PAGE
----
EAST VILLAGE — The bodega worker who went into a coma after being mowed down by an allegedly drunk driver who jumped the curb and plowed into him opened his eyes for the first time since the crash on Monday.
Rukanul Islam, 24, the worker’s youngest son, was sitting by his father’s bed at Bellevue Hospital when he saw Akkas Ali, 62, open his eyes for about half a minute. Islam called out to his father but Ali was not responsive.
“We are a little bit happy to see his eyes, but we wish he would be up,” Islam said.
Ali had been in a coma since the morning of June 19, when a 2013 white Nissan Altima hit him and three others in the front of East Village Farm & Grocery at East Fourth Street and Second Avenue, knocking down three people. The driver, Shaun Martin, 32, was drunk at the time of the crash, police said.
Many local residents knew Ali as a man who made beautiful flower bouquets outside the bodega. A Bangladeshi immigrant, he had been working there for 22 years. Throughout most of the last two decades, he worked 12-hour shifts seven days a week, his son said.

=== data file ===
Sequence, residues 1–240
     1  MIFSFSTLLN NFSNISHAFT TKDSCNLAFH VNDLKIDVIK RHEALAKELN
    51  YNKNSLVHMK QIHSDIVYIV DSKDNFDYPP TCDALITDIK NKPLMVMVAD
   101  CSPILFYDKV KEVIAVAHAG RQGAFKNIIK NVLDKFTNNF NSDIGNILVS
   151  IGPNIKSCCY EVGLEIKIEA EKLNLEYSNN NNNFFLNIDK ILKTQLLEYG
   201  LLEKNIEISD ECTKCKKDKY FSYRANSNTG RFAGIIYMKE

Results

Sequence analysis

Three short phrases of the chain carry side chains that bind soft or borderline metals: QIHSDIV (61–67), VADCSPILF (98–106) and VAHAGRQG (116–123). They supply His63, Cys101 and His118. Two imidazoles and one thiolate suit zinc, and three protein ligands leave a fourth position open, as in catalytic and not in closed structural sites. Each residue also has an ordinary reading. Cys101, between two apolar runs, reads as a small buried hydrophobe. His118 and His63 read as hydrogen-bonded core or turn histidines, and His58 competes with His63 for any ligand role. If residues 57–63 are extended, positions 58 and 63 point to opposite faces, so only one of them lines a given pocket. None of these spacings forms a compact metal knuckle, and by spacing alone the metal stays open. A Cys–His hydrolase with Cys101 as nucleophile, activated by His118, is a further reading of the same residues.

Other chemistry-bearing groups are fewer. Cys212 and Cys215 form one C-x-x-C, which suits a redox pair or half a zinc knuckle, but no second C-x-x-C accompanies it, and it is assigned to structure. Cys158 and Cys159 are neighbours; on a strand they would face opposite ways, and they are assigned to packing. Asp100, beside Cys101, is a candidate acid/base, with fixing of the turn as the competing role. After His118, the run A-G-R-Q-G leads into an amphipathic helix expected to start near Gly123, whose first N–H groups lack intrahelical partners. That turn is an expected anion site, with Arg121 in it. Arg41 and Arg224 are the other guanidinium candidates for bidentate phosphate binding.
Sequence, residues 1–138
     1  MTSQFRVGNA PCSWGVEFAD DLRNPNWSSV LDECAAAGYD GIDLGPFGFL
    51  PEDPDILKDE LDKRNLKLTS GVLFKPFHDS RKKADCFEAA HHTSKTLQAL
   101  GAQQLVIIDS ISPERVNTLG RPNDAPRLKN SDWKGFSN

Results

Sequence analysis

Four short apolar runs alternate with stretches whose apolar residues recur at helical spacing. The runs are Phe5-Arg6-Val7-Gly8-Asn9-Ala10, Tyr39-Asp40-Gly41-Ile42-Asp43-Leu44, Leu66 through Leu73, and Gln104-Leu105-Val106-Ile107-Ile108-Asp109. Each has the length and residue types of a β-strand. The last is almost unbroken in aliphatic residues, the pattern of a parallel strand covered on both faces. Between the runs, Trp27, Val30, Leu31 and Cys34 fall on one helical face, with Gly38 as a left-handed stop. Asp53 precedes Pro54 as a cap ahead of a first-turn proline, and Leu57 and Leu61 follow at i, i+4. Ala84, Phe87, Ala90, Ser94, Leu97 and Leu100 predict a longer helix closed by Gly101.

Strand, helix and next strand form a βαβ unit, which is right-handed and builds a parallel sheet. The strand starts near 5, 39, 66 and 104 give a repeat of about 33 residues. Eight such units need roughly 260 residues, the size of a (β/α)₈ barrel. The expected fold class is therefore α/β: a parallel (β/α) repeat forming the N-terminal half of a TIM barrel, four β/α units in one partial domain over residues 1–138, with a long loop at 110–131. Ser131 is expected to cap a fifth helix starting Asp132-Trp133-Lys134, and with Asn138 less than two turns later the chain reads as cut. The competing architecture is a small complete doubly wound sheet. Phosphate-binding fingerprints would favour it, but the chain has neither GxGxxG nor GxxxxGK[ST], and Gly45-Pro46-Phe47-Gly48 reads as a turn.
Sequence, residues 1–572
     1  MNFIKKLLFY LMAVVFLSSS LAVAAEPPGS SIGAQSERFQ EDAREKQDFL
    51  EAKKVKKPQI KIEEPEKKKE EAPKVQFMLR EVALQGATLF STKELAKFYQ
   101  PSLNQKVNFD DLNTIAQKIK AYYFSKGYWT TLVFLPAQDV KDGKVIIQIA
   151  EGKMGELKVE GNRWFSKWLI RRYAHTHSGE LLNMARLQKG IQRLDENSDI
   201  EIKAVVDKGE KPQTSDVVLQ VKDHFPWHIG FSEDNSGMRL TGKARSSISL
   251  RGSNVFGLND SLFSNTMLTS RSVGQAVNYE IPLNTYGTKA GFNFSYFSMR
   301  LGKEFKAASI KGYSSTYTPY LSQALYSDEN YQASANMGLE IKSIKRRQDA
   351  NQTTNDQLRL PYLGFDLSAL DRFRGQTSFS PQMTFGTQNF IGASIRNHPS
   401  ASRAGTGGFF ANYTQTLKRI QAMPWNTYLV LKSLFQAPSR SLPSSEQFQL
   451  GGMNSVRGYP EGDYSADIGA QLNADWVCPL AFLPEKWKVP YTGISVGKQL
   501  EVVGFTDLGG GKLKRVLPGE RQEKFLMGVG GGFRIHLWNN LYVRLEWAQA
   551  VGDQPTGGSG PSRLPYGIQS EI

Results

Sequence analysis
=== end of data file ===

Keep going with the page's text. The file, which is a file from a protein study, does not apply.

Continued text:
“Everyone knows him — even the pets know him,” Islam said. “They walk right up to him and he feeds them carrots. That’s the kind of man he is.”
Ali left Bangladesh and came to the East Village in 1991. He lived apart from his family for almost a decade, making sporadic visits back home every few years. He worked hard to bring his wife and sons to New York and, in 2000, they finally joined him.
“We are very happy to be American and have a new future,” said Islam, who became an American citizen a few years ago.
Following the crash, an East Village resident, Chad Marlow set up a fund to pay for medical bills. Ali does not have health insurance. As of Tuesday evening, Marlow had raised just under $16,400.
“Despite the fact that New York City is a city of 8 million people, the East Village is a community and one of the members of our community got grievously injured and we’re rallying around him,” Marlow told DNAinfo New York last week.
Marlow hopes to raise $100,000 for Ali and his family by the end of July.